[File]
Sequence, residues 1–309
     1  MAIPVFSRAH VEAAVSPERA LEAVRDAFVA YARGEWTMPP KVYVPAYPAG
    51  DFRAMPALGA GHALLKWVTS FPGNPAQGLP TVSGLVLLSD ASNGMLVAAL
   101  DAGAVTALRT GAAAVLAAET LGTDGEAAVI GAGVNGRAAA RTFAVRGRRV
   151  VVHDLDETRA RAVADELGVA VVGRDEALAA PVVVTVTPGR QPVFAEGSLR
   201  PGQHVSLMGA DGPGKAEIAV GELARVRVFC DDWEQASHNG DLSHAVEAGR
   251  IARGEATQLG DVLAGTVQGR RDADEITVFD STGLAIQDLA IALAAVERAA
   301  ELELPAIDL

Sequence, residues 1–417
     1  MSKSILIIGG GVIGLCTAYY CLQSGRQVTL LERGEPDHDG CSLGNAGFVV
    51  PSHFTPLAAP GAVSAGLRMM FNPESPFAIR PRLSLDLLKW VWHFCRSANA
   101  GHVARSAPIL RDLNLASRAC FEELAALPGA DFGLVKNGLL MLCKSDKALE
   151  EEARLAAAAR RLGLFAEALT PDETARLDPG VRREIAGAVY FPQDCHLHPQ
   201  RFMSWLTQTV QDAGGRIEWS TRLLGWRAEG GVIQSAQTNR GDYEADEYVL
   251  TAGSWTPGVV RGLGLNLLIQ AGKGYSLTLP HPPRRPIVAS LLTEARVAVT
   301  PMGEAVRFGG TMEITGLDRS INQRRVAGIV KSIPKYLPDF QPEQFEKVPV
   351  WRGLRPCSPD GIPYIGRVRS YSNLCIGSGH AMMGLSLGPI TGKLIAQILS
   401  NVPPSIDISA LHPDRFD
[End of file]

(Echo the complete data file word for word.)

Sequence, residues 1–309
     1  MAIPVFSRAH VEAAVSPERA LEAVRDAFVA YARGEWTMPP KVYVPAYPAG
    51  DFRAMPALGA GHALLKWVTS FPGNPAQGLP TVSGLVLLSD ASNGMLVAAL
   101  DAGAVTALRT GAAAVLAAET LGTDGEAAVI GAGVNGRAAA RTFAVRGRRV
   151  VVHDLDETRA RAVADELGVA VVGRDEALAA PVVVTVTPGR QPVFAEGSLR
   201  PGQHVSLMGA DGPGKAEIAV GELARVRVFC DDWEQASHNG DLSHAVEAGR
   251  IARGEATQLG DVLAGTVQGR RDADEITVFD STGLAIQDLA IALAAVERAA
   301  ELELPAIDL

Sequence, residues 1–417
     1  MSKSILIIGG GVIGLCTAYY CLQSGRQVTL LERGEPDHDG CSLGNAGFVV
    51  PSHFTPLAAP GAVSAGLRMM FNPESPFAIR PRLSLDLLKW VWHFCRSANA
   101  GHVARSAPIL RDLNLASRAC FEELAALPGA DFGLVKNGLL MLCKSDKALE
   151  EEARLAAAAR RLGLFAEALT PDETARLDPG VRREIAGAVY FPQDCHLHPQ
   201  RFMSWLTQTV QDAGGRIEWS TRLLGWRAEG GVIQSAQTNR GDYEADEYVL
   251  TAGSWTPGVV RGLGLNLLIQ AGKGYSLTLP HPPRRPIVAS LLTEARVAVT
   301  PMGEAVRFGG TMEITGLDRS INQRRVAGIV KSIPKYLPDF QPEQFEKVPV
   351  WRGLRPCSPD GIPYIGRVRS YSNLCIGSGH AMMGLSLGPI TGKLIAQILS
   401  NVPPSIDISA LHPDRFD